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dc.contributor.advisorCo-chairpersons, Graduate Committee: Paul E. Gannon and Roberta Amendolaen
dc.contributor.authorGill, Zachery Edwarden
dc.date.accessioned2015-01-25T17:50:53Z
dc.date.available2015-01-25T17:50:53Z
dc.date.issued2014en
dc.identifier.urihttps://scholarworks.montana.edu/xmlui/handle/1/3415en
dc.description.abstractModern turbine engine systems require increased efficiency and durability. To achieve these goals, high-temperature materials with high-strength, low-cost and non-strategic compositions are needed. In advanced turbine applications, combustor liners, blades and vanes are exposed to corrosive combustion byproducts, such as alkali salts, at temperatures up to ~1700°C with high gas velocities, entrained particulates, and other foreign objects at pressures of up to 3 MPa (30 atm). These extreme conditions can drive a dangerous phenomenon known as "hot corrosion", an accelerated form of oxidation that occurs when metals and metal alloys are heated in the temperature range 700-900°C in the presence of alkali salts. An increased understanding of the fundamental behaviors of common high temperature alloys and their degradation mechanisms is therefore critical for the production of reliable components. In this study a model substrate, Nickel 201, was coated on one side with Cr, Al, or Si thin films (~1 micron) via magnetron sputtering physical vapor deposition (PVD). Uncoated and PVD coated samples were then exposed to laboratory air at 700°C and 900°C and to an environment similar in composition to atmospheres found in post combustion turbine systems, comprised of air/SO 2 gas mixture, at 700°C. The exposures were conducted over time intervals observing coating-substrate interactions and surface oxide development. Identical samples were subjected to the same exposures with addition of a deposit of sodium sulfate (Na 2SO 4), a model alkali salt. Sample mass gains were recorded and resulting oxide compositions assessed as a function of exposure time using microscopy techniques on sample surfaces and cross sections. The development of intermetallic species was determined by X-ray diffraction. At 700°C, coated and uncoated samples displayed different oxidation behaviors. Under laboratory air, no hot-corrosion occurred. While at 700°C in air/SO 2 exposures, evidence for hot corrosion on deposited samples was observed. When sodium sulfate was introduced at 900°C, coated and uncoated samples displayed rapid corrosion consistent with hot corrosion. The oxidation processes and coating/substrate inter-diffusion phenomena are presented and discussed in the context of establishing basic approaches to improve the fundamental understanding of hot corrosion, and the protection mechanisms of high temperature materials.en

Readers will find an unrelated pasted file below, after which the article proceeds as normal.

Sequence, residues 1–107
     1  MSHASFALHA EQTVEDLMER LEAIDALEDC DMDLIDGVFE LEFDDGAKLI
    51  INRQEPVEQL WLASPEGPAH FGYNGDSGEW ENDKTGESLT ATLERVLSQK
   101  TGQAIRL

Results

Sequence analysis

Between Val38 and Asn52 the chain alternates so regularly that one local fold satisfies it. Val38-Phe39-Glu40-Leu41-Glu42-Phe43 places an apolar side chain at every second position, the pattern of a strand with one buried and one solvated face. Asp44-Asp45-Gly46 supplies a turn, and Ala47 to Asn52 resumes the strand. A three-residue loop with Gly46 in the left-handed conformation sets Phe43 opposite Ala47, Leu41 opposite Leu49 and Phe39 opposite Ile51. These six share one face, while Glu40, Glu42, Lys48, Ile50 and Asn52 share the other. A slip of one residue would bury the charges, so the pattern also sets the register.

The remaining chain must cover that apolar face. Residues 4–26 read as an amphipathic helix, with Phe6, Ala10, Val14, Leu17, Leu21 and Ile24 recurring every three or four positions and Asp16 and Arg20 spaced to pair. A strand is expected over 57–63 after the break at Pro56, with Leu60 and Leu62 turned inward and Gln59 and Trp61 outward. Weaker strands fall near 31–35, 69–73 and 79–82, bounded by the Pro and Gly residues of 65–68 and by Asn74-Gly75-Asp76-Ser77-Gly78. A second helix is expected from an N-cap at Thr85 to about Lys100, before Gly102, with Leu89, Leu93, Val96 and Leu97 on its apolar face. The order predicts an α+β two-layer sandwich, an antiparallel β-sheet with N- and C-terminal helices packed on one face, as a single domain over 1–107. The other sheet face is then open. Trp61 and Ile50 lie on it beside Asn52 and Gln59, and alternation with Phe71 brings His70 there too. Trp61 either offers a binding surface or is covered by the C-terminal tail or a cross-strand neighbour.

dc.language.isoenen
dc.publisherMontana State University - Bozeman, College of Engineeringen
dc.subject.lcshTurbinesen
dc.subject.lcshCorrosion and anti-corrosivesen
dc.subject.lcshHeat resistant materialsen
dc.subject.lcshPhysical vapor depositionen
dc.subject.lcshOxidationen
dc.titleA fundamental study of hot corrosion and interdiffusion of chromium, aluminum, and silicon coatings on a nickel-201 substrateen
dc.typeThesisen
dc.rights.holderCopyright 2014 by Zachery Edward Gillen
thesis.catalog.ckey2674428en
thesis.degree.committeemembersMembers, Graduate Committee: Phil Himmer; Stephen W. Sofieen
thesis.degree.departmentChemical & Biological Engineering.en
thesis.degree.genreThesisen
thesis.degree.nameMSen
thesis.format.extentfirstpage1en
thesis.format.extentlastpage129en


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